# Effect of a change in prices when the consumer starts from a bundle of goods rather than wealth

I'm struggling to make progress with the following problem:

Assume that instead of income, the agent starts with an endowment of goods c (not necessarily her optimal bundle) & can buy and sell goods at p. Further assume that all goods are normal. Show that the agent's demand for the good 1 could be higher at prices p′ = (p′1, p2, ..., pn) than at prices p (with p′1 > p1). Under what condition(s) does this happen?

To me, this means that the agent's budget is given by p1x1,...,pkxk (i.e., the money he can make from selling the goods he has). From there, my intuition is to determine the agent's Marshallian demand for good x1, showing that under certain conditions it might be higher for prices p'1 (such that p'1>p1). However, this hasn't gotten me anywhere. I would appreciate any advice.

If prices are equal to $$(p_1, \ldots, p_n)$$ and when an agent has endowments $$e_1,\ldots, e_n$$, her income equals the total worth of this endowment, which equals $$p_1 e_1 + \ldots, p_n e_n$$.
Now consider a case where all prices increase. Then buying goods becomes more costly, but on the other hand, her total income $$\sum_i p_i e_i$$ also increases. If income effects are positive (i.e. goods are normal) the second effect can compensate the first one.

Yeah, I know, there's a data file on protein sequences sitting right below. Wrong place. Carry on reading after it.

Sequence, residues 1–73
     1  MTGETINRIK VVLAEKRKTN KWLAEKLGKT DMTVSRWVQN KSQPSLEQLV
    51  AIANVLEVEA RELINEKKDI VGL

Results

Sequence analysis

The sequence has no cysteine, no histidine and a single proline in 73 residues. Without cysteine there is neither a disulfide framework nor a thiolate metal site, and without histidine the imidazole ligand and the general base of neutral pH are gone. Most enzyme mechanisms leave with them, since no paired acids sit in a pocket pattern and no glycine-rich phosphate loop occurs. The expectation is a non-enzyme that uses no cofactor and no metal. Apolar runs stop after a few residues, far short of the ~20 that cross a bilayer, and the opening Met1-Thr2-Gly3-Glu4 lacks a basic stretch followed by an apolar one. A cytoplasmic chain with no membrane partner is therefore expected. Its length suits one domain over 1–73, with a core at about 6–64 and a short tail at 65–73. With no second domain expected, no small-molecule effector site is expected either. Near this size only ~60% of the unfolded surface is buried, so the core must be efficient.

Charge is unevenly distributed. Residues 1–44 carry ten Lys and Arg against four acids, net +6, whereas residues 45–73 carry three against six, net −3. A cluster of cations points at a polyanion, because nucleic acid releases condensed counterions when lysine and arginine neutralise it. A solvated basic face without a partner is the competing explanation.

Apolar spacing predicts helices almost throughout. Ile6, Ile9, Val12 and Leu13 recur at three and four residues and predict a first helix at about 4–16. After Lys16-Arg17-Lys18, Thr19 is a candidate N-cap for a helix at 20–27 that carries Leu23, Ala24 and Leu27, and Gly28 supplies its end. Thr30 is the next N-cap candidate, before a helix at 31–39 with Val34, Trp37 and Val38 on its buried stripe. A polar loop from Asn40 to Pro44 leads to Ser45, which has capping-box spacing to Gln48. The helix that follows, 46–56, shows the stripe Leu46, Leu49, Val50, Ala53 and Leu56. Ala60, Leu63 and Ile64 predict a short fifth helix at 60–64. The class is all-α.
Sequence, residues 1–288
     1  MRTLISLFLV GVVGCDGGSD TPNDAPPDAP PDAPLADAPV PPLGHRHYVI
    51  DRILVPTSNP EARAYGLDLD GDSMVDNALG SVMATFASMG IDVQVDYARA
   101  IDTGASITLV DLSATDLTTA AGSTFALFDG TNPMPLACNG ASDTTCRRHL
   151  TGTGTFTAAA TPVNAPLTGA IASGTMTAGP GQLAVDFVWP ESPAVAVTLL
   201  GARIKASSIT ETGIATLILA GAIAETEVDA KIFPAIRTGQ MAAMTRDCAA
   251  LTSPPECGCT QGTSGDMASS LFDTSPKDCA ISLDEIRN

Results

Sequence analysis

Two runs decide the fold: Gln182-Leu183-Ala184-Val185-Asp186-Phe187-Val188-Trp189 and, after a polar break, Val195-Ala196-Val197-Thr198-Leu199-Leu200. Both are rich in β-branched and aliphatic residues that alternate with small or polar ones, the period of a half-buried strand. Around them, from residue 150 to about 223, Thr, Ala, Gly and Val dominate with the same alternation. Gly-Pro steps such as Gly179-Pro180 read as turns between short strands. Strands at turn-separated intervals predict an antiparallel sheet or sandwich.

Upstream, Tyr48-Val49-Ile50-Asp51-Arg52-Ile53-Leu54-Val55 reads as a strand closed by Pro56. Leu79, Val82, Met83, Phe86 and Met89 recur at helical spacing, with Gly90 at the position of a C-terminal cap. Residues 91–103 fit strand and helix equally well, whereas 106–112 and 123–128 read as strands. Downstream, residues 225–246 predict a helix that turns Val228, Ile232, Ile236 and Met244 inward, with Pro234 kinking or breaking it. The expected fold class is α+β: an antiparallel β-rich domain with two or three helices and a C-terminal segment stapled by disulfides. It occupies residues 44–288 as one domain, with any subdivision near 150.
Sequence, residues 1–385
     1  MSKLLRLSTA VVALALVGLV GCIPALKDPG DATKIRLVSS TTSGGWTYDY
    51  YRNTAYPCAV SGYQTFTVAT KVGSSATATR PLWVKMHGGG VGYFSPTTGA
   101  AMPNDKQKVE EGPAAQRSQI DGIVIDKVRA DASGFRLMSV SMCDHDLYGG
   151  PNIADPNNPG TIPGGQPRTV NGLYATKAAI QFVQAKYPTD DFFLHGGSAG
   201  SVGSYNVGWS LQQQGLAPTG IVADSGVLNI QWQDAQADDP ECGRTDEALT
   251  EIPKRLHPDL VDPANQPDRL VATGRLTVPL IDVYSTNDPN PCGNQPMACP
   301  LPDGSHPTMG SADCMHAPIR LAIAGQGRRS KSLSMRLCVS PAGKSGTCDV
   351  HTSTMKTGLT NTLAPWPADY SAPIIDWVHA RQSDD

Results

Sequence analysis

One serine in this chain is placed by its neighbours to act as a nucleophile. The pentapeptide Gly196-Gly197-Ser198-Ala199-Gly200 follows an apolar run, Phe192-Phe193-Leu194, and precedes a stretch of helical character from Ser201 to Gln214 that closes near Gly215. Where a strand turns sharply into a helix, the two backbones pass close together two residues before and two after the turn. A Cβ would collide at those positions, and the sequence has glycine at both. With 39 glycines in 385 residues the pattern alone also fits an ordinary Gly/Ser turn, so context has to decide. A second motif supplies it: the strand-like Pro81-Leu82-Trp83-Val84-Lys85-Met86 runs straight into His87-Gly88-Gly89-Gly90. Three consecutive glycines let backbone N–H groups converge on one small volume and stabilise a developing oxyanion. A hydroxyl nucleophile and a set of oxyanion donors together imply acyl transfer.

The excess demand for good $$1$$ can be written as: $$x_1(p_1,\ldots, p_n, \sum_{i = 1}^n p_i e_i) -e_1= x_1(p, p \cdot e) - e_1$$ Now assume that prices move from $$p$$ to $$p + tv$$ where $$v$$ is a positive vector of size $$n$$ and $$t \ge 0$$. Then new demand equals. $$x_1(p + tv, (p + tv)\cdot e) - e_1.$$ If we look at a tiny price increase, we can take the derivative with respect to $$t$$ and evaluate at $$t = 0$$ to get: $$\sum_{i = 1}^n \frac{\partial x_1(p, p \cdot e)}{\partial p_j} v_j + \frac{\partial x_1(p, p\cdot e)}{\partial m} v\cdot e.$$ The second term is non-negative if goods are normal.
If $$v$$ is proportional to $$p$$ one can show (using homogeneity of degree zero of the demand function) that this expression equals zero. So demand will not change (in fact, the budget line will not move if all prices increase proportionally).